Arthritis & Osteoporosis
Osteoporosis & Bone Health
What is osteoporosis?
Often referred to as the ‘silent thief,’ osteoporosis slowly steals your bone density over a period of many years without giving you any signs or symptoms. As such, many people are often unaware that they have osteoporosis until they suffer a painful fracture. According to Osteoporosis Canada, one in three women and one in five men will suffer from an osteoporosis fracture during their lifetime.
What causes osteoporosis?
Osteoporosis occurs when there is an imbalance between new bone formation and old bone resorption. The body may fail to form enough new bone, or too much old bone may be reabsorbed, or both. Two essential minerals for normal bone formation are calcium and phosphate.
What are the risk factors?
There are a number of factors that can increase the risk that you’ll develop osteoporosis, including your age, your race, your lifestyle and any medical conditions or treatments. For instance, women are much more likely to develop osteoporosis than men; a diet in low calcium or a lack of physical activity can increase the likelihood of osteoporosis; and even having a parent of sibling who has or has had osteoporosis or having can also put you at greater risk.
How does osteoporosis affect my daily life?
Osteoporosis can result in pain (due to fractures), loss of mobility and of independence, seriously limiting your daily activity and your quality of life.
Osteoporosis is a preventable disease.
Adequate calcium intake beginning in childhood can help prevent osteoporosis later in life. Eating a diet rich in calcium and vitamin or taking a multi-vitamin or calcium/vitamin D supplement is crucial. It’s also important to maintain an active lifestyle throughout your life as exercise enhances bone strength and helps you maintain balance and gait to prevent potential falls. Weight bearing exercises such as walking, jogging, climbing stairs, dancing or even playing a well-liked sport, 2 to 3 times a week are ideal.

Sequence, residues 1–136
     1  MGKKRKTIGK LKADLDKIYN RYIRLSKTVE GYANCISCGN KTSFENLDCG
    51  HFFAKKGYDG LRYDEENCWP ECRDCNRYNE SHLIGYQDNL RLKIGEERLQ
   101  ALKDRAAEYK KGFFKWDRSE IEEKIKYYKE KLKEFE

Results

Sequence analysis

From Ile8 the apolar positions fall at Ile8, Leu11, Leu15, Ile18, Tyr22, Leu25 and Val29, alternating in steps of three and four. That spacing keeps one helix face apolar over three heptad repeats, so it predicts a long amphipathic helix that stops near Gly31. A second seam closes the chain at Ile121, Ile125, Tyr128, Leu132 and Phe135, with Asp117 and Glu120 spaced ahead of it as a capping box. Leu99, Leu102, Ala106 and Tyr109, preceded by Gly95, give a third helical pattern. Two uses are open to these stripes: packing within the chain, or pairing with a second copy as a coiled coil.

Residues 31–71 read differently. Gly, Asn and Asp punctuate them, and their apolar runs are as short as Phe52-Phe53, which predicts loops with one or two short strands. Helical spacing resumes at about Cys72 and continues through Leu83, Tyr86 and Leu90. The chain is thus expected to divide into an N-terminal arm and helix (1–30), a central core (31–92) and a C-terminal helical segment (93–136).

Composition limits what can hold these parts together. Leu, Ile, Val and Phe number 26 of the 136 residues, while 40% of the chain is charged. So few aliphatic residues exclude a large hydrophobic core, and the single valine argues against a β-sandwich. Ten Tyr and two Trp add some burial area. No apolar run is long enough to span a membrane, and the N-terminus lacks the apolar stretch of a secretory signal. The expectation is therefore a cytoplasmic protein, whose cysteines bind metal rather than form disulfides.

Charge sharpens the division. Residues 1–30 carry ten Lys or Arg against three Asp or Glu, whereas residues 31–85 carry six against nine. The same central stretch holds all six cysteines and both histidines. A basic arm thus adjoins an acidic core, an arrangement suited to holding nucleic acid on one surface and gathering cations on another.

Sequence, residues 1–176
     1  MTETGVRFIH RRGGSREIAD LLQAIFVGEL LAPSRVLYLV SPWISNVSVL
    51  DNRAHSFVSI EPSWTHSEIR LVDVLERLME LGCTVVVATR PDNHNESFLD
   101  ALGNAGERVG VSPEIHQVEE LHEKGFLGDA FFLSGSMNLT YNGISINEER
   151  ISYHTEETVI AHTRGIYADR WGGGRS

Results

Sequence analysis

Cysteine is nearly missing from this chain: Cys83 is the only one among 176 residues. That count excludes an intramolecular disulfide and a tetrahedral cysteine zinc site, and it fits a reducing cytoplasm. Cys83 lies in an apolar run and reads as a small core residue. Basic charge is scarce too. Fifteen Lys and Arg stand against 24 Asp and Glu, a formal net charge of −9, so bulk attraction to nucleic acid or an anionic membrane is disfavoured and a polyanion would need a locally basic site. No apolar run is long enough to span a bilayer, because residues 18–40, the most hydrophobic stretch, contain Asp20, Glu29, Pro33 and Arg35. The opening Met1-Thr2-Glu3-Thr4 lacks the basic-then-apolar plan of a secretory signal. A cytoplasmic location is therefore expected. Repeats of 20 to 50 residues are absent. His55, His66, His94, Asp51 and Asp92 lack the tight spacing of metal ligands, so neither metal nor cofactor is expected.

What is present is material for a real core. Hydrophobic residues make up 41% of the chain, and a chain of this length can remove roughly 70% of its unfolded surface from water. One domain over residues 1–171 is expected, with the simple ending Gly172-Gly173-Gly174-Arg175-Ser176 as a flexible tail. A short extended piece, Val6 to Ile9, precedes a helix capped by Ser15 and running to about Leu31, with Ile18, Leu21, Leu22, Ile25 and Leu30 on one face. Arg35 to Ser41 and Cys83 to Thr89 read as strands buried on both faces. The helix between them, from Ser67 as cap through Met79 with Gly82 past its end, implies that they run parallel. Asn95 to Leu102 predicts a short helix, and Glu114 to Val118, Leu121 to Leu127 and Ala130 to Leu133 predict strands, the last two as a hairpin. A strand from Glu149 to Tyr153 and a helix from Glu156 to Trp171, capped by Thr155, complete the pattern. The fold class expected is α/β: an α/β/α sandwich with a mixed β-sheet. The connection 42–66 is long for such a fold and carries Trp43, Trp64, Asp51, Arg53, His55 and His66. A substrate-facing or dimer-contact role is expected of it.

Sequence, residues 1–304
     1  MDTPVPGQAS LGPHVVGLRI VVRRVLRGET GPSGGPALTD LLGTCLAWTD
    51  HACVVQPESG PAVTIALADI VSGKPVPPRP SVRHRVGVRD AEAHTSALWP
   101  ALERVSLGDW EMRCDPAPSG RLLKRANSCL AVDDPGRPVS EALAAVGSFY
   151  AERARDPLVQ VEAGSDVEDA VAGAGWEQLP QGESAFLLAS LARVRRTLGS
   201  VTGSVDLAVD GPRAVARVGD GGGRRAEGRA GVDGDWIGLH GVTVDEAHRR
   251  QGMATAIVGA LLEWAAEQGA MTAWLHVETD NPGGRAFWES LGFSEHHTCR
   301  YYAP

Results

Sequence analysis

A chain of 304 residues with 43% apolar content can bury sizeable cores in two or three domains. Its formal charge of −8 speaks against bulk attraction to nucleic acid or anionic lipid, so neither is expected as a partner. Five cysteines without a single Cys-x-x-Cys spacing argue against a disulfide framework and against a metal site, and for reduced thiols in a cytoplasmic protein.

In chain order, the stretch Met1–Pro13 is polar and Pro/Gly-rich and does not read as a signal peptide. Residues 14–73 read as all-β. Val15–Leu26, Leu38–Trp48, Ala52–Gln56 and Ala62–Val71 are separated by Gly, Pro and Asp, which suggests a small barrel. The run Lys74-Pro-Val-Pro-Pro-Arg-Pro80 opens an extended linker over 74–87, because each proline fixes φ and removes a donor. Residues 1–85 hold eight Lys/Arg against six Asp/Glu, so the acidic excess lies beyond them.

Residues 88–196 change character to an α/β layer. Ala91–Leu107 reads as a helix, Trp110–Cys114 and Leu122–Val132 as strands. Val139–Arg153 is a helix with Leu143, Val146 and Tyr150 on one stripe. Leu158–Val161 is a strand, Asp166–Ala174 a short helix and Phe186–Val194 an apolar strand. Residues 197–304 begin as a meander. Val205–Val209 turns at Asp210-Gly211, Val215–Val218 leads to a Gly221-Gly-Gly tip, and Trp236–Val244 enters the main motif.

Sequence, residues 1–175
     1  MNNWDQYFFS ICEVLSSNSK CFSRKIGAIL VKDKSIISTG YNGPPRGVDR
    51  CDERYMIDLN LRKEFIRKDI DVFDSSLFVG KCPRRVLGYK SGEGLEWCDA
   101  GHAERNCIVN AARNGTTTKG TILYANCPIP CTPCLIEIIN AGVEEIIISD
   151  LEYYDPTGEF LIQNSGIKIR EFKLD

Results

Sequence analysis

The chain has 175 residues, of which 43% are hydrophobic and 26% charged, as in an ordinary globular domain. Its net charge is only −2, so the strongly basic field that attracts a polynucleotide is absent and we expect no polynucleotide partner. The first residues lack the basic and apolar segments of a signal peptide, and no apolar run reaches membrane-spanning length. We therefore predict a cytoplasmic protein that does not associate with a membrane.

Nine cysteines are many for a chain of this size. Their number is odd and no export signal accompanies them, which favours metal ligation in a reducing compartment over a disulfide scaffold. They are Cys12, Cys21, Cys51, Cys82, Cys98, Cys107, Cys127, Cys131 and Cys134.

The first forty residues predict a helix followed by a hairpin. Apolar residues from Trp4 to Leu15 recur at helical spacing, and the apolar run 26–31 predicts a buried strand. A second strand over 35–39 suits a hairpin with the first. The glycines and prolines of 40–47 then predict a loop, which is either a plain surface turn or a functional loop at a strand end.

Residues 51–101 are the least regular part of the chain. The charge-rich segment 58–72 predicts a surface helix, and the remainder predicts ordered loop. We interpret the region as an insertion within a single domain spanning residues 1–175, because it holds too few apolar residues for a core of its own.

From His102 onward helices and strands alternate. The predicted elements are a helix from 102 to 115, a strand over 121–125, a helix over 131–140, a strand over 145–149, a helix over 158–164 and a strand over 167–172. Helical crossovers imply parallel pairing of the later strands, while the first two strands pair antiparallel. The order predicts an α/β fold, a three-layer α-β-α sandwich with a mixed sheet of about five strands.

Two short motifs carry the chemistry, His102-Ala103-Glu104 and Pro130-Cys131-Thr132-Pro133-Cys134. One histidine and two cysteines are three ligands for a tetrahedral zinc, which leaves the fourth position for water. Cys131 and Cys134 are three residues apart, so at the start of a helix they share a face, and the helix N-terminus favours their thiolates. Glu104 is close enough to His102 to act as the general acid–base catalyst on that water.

Much of the information above was shared by special guest Myra Siminovitch, B.Sc., MBA, who is a physiotherapist with a special interest in Arthritis and Osteoporosis.
Yoga for Seniors and Individuals with Arthritis and Injuries
Join Natalie (Director of Communications & Outreach, Connexions Resource Centre) as she chats with Lori D’Aoust, Registered Yoga Instructor and co-owner of hOMe Wakefield Wellness. Following the chat, Lori leads us in a fun yoga class geared towards seniors and individuals with arthritis or injuries.
Online Resources for Osteoporosis
- Dietitian’s of Canada Eating Guidelines to Prevent Osteoporosis.
- Osteoporosis Canada, which can also be reached by phone at 1-800-463-6842.
- CSEP Canadian Physical Activity Guidelines and Physical Activity Infographic
- Osteoarthritis in Canada
Online Resources for Arthritis
- Arthritis Society Quebec, which also has an Information Helpline at 1-800-321-1433.
- National Institute of Arthritis and Musculoskeletal and Skin Diseases
- Rheumatoid Arthritis in Canada
- Gout and Other Crystal Arthropathies in Canada
- Juvenile Idiopathic Arthritis in Canada
Arthritis Facts and Figures
Make sure to take a look at the Arthritis Society of Canada webpage detailing the facts and figures on how arthritis impacts Canadians. Click on the cards below to reveal additional information.